27

I have a problem when using scp on Linux, it says "not a regular file". I looked at other questions/answers about that, but I can't find out what's wrong... I wrote:

scp aa@aa:/home/pictures/file.fits .

to copy file.fits from aa@aa, /home/pictures to the current directory. I also tried without using /home/, but it didn't work neither...

Do you understand what's wrong?

  • 2
    Try: scp aa@aa:~/pictures/file.fits . – ryekayo Apr 9 '15 at 19:19
  • 1
    maybe the path is wrong and should contain your Linux user name. /home/<user>/pictures maybe? – Zoli Apr 9 '15 at 19:24
  • Tilda will be your best friend in this case :). Don't extend your directory path in this case. And now that I am thinking of it, your command wont work anyways. If you were to add the whole directory, it would look something like: scp aa@aa:/home/aa/pictures/file.fits . – ryekayo Apr 9 '15 at 19:26
  • Log in with ssh (ssh aa@aa) and give command: file /home/pictures/file.fits and tell us what that says. – hyde Apr 9 '15 at 19:27
  • It will save you time and effort just by switching to rsync. Use rsync -azHvu aa@aa:/home/pictures/file.fits .. This will allow rsync to copy recursively and follow symlinks and show (verbose) what it is copying. – alvits Apr 9 '15 at 20:49
60

I just tested this and found at least 3 situations in which scp will return not a regular file:

  1. File is actually a directory
  2. File is a named pipe (a.k.a. FIFO)
  3. File is a device file

Case #1 seems most likely. If you meant to transfer an entire directory structure with scp use the -r option to indicate recursive copy.

  • 13
    It also occurs if you're not awake yet and you have your source and destination inverted and you're trying to copy a non-existent file from your destination to your source... – BenAlabaster Dec 8 '15 at 3:37
  • This implies reading stdin and writing stdout as in sftp -b <(echo get file /dev/fd/1) – ceving Apr 5 '17 at 9:49
  • I am facing the issue with symlinks too. – codewandler Nov 1 '17 at 16:32
18

"/home/pictures/file.fits" must name an actual filesystem object on the remote server. If it didn't, scp would have given a different error message.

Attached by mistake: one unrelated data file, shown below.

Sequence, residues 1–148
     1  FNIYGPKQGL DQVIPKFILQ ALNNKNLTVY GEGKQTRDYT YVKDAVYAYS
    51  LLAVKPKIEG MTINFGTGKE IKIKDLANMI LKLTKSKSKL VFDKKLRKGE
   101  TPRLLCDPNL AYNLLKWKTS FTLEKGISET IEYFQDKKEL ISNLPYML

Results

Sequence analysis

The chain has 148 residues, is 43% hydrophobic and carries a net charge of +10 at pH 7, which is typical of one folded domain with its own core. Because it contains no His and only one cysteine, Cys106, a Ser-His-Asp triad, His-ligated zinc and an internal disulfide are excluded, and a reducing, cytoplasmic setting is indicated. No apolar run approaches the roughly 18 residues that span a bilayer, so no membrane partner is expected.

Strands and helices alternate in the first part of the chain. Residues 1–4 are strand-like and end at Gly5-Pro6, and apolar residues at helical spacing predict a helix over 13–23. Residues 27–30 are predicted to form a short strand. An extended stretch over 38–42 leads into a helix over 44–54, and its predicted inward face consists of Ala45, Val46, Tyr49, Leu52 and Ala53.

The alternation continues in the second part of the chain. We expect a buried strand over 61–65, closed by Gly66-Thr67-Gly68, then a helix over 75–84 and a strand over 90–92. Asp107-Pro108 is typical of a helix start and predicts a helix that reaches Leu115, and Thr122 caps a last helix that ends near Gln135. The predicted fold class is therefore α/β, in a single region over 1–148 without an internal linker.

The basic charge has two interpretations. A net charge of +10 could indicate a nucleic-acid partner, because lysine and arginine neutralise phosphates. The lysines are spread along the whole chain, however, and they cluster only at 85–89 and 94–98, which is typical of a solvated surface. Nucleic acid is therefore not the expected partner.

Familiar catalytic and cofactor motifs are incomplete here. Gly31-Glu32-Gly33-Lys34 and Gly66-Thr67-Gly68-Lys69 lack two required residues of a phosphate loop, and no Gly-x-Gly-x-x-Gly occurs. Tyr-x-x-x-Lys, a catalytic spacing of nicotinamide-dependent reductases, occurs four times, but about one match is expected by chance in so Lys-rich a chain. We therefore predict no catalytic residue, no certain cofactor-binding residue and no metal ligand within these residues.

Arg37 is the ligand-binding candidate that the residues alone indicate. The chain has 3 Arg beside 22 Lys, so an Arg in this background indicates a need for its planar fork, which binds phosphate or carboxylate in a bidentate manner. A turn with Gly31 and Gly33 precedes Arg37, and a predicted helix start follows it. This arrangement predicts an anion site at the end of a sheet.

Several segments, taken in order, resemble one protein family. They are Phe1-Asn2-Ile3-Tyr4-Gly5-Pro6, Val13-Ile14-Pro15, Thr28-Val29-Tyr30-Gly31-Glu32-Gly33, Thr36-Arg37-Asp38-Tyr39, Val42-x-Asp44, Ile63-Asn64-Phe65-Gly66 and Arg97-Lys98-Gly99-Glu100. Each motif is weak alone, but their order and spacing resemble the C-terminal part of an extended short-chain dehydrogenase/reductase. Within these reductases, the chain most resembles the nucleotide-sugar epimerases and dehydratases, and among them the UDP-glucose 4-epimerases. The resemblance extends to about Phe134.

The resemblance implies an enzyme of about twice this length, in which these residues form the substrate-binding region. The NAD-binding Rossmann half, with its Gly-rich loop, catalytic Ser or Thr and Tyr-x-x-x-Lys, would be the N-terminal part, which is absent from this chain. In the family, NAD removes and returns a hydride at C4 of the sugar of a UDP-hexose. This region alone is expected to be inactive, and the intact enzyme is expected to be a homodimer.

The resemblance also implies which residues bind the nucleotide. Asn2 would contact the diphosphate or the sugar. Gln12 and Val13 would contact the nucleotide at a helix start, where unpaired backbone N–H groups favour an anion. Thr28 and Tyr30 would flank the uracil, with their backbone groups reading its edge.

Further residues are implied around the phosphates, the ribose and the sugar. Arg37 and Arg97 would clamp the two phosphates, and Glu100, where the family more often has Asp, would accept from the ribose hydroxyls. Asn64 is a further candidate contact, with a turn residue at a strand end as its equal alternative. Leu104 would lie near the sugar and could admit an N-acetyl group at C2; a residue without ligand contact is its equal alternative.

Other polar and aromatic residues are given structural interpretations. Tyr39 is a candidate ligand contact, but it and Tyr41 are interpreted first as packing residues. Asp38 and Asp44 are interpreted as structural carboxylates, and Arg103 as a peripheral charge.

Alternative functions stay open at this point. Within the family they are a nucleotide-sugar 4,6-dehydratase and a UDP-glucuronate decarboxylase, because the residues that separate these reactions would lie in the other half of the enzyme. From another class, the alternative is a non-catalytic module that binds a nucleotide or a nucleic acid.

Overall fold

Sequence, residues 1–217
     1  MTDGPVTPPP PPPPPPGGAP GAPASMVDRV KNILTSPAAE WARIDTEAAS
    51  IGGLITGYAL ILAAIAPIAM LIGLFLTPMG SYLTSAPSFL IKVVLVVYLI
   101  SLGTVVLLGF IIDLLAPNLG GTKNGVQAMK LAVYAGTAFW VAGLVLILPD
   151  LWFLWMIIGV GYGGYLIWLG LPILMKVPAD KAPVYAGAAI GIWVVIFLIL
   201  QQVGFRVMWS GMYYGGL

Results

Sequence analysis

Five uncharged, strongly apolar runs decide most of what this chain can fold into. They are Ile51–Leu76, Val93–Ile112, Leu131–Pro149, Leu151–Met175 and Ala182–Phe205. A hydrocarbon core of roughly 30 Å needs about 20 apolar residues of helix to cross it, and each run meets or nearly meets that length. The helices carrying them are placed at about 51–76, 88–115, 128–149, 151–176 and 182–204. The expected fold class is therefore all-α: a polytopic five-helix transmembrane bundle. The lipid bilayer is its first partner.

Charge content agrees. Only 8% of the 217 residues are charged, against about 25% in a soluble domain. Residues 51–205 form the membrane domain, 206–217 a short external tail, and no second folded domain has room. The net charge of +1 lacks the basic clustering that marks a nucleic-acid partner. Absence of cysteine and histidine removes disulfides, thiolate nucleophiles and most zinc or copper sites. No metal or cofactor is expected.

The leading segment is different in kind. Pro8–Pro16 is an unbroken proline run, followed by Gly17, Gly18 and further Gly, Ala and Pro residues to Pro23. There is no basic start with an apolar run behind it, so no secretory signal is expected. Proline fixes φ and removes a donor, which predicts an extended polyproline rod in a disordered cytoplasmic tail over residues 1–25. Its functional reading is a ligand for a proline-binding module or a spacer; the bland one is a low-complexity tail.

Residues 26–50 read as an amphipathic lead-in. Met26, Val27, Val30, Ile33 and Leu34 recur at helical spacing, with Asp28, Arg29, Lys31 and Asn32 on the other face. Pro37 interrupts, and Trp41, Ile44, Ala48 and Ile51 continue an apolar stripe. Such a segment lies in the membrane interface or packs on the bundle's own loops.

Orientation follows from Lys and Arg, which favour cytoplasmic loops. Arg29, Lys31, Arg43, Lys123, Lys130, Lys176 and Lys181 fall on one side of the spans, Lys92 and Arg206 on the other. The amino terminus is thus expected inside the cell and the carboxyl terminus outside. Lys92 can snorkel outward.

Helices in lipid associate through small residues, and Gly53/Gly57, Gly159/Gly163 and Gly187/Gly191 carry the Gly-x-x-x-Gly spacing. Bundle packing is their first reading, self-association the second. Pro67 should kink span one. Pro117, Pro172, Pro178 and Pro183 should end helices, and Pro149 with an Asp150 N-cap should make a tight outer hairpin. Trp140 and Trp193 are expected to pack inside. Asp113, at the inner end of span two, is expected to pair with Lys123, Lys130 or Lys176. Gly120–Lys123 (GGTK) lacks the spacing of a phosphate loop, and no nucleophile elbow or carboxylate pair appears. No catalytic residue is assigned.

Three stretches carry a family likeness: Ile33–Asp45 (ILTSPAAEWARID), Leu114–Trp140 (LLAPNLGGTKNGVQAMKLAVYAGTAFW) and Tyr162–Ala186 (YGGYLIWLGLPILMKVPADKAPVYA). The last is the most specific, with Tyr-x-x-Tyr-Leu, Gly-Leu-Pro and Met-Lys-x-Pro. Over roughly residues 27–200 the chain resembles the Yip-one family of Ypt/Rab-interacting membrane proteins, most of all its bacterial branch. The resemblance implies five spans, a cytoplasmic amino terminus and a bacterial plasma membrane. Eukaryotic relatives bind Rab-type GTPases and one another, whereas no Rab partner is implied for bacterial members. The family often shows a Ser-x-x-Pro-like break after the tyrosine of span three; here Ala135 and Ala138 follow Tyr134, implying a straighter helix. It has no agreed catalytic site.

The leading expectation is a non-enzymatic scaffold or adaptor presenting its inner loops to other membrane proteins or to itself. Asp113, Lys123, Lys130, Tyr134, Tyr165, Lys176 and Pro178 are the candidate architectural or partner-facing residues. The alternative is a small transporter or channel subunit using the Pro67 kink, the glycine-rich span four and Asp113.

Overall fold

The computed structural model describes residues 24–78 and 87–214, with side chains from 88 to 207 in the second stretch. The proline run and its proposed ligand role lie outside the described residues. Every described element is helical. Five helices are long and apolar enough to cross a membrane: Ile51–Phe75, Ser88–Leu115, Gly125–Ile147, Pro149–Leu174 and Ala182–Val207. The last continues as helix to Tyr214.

I see that FITS is an image format. I suppose "/home/pictures/file.fits" is the name of a directory on the remote server, containing FITS files or something like that.

To copy a directory with scp, you have to supply the "-r" flag:

scp -r aa@aa:/home/pictures/file.fits .
  • 3
    This really helped me To copy a directory with scp, you have to supply the "-r" flag – wruckie Jan 26 '17 at 19:21
9

One way this error can occur is if you have a space before the first path like below:

scp myUserName@HostName: /path/to/file  /path/to/new/file                            ^

To fix, just take the space out:

scp myUserName@HostName:/path/to/file  /path/to/new/file
3

simple steps you need to follow

1)scp -r user@host:/var/www/html/projectFolder /var/www/html/localsystem-project-folder

2)scp -r user@host:/var/www/html/projectFolder/filename.php /var/www/html/localsystem-project-folder/

here -r is for recursive traverse the director will help you without any error.

0

It doesn't work because you need the precise the name of copied file ; So use this command like this :

scp aa@aa:/home/pictures/file.fits ./file.fits

You can rename your file too like this :

scp aa@aa:/home/pictures/file.fits ./newNameFile.fits
  • This is incorrect, the destination can be a folder. – Tim Jun 9 '17 at 21:37
0

It is possible that you are working with a directory/folder.

If this is the case, here is what you want to do:

  1. First, compress the folder. By running the command:

    zip -r name_of_folder.zip name_of_folder

  2. Then use the scp command normally to copy the file to your destination:

    scp path/to/name_of_folder.zip server:localhost:/path/to/name_of_folder.zip

  3. Enter your password if it prompts you for one.

  4. Unzip the name_of_folder.zip with this command:

    unzip name_of_folder.zip

That is it, you now have your folder in the destination system. By the way, this is for zip compression.

NOTE: If you are on Mac OS and you don't want to see resource files such as _MACOSX, you may run:

**zip -r -X name_of_folder.zip name_of_folder**

Meaning the above command should be used instead of that in step 1 above.

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